Steph

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By: Sharon http://sharonastyk.com/2009/04/16/the-dog-search/comment-page-1/#comment-19459 Sharon Fri, 17 Apr 2009 19:50:10 +0000 http://sharonastyk.com/2009/04/16/the-dog-search/#comment-19459 A couple of clarifications- the goats and poultry are right near the house, so it won't really be a matter of either/or in a physical sense. While the field will be part of the dog's territory, the animals required to guard are mostly proximate. We actually have a guard donkey who goes with our shared sheep arrangement (he lives here from May - December) for the sheep. In my research, I've found that LGDs really seem to be able to do three things - live independently with the livestock, bonded to them; live as family pets, primarily bonded to the family; and also live in a dual situation, where they are bonded to both, provided there's sufficient proximity. I've seen enough accounts of that to feel that it is reasonably likely to be successful. Ideally, I think an LGD cross would be perfect - I've got a line on a Old English Sheepdog/Pyr cross that would be nice, if it works out. Eli may yet get his own dog - but that's perhaps for another day. Sharon A couple of clarifications- the goats and poultry are right near the house, so it won’t really be a matter of either/or in a physical sense. While the field will be part of the dog’s territory, the animals required to guard are mostly proximate. We actually have a guard donkey who goes with our shared sheep arrangement (he lives here from May – December) for the sheep.

In my research, I’ve found that LGDs really seem to be able to do three things – live independently with the livestock, bonded to them; live as family pets, primarily bonded to the family; and also live in a dual situation, where they are bonded to both, provided there’s sufficient proximity. I’ve seen enough accounts of that to feel that it is reasonably likely to be successful. Ideally, I think an LGD cross would be perfect – I’ve got a line on a Old English Sheepdog/Pyr cross that would be nice, if it works out.

Eli may yet get his own dog – but that’s perhaps for another day.

Sharon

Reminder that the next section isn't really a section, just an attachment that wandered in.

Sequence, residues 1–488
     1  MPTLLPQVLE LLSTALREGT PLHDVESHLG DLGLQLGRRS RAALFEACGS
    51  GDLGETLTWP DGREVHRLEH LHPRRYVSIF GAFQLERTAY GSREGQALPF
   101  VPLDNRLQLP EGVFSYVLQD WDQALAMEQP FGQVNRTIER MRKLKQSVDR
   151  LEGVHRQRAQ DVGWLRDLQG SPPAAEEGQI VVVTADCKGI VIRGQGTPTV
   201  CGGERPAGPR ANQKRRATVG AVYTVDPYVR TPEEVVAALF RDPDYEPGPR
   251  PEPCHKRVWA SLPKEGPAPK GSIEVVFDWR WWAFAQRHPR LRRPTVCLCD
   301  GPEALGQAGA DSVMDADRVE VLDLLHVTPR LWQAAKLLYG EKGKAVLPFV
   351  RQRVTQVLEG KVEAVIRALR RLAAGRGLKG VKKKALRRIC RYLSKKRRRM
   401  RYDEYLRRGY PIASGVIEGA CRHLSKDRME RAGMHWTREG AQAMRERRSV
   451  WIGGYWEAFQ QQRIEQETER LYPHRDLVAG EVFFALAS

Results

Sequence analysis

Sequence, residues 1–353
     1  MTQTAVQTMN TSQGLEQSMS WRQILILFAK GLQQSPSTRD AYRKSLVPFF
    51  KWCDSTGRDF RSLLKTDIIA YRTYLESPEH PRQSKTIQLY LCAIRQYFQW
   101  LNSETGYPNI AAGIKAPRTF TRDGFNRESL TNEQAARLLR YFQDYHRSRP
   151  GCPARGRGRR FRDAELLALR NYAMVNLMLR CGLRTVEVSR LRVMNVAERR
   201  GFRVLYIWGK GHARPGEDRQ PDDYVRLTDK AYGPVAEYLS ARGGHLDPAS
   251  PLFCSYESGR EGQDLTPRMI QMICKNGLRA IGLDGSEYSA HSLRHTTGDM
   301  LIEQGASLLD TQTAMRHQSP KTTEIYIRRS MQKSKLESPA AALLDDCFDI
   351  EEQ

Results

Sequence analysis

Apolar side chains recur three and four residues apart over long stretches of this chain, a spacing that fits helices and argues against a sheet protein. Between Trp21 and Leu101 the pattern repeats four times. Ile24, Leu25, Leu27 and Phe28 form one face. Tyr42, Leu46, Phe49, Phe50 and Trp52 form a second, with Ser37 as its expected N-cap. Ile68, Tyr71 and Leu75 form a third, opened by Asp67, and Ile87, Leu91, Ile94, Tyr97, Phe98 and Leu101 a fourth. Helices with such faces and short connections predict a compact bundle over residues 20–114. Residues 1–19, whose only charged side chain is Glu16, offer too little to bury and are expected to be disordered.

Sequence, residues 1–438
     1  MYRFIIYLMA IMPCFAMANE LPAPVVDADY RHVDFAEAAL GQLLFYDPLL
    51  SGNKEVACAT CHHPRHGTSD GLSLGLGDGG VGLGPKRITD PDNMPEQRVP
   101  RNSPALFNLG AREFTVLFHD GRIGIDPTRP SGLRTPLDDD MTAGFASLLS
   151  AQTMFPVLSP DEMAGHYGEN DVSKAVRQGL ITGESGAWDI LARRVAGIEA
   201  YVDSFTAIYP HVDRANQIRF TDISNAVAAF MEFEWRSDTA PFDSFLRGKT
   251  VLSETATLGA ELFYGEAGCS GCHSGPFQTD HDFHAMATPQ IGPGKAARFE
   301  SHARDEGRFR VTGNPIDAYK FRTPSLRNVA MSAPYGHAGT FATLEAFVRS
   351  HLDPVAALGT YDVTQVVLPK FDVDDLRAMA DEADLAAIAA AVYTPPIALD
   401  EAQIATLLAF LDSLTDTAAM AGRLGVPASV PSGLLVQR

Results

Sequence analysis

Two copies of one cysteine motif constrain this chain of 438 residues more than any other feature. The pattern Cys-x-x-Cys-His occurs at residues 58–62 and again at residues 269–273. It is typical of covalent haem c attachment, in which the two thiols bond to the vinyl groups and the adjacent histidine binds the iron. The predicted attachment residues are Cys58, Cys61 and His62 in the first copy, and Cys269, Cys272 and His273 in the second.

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By: The old farmer lady http://sharonastyk.com/2009/04/16/the-dog-search/comment-page-1/#comment-19453 The old farmer lady Fri, 17 Apr 2009 17:56:13 +0000 http://sharonastyk.com/2009/04/16/the-dog-search/#comment-19453 Ideally, you'd have 2 dogs, as several have pointed out, most LGDs are more into their critters than people. Having said that, I have over the years seen some Pyrs (certainly not all) that have done a credible job of both.....but....as the mother of an autistic son, ("homereared", as someone once put it, and homeschooled) I can tell you that having his own dog was the highlight of his life. Maybe your son could have his own dog, to be his alone?? You might find that worthwhile. My son is now in his 40s and totally independent (if weird :) ); to this day a dog is Number One in his life. If I had both coyotes and bears to contend with in the field, I'd be having a mammoth donkey or a mule. After coyotes outwitted a good dog and got several of my goats, I kept a mule for many years, and once we got him, never had another loss to coyote, bear, or large cat. He was an easy keeper (nothing like getting a horse), smart as a whip, and got a coyote a week for the first several weeks we had him. The neighbors were so thrilled that they banded together and bought his hay and sweet feed after the first year. He also willingly pulled field equipment (I had a 2-acre truck garden) and carts full of carrots, wagons loaded with rocks, whatever. The old farmer lady Ideally, you’d have 2 dogs, as several have pointed out, most LGDs are more into their critters than people. Having said that, I have over the years seen some Pyrs (certainly not all) that have done a credible job of both…..but….as the mother of an autistic son, (”homereared”, as someone once put it, and homeschooled) I can tell you that having his own dog was the highlight of his life. Maybe your son could have his own dog, to be his alone?? You might find that worthwhile. My son is now in his 40s and totally independent (if weird :) ); to this day a dog is Number One in his life.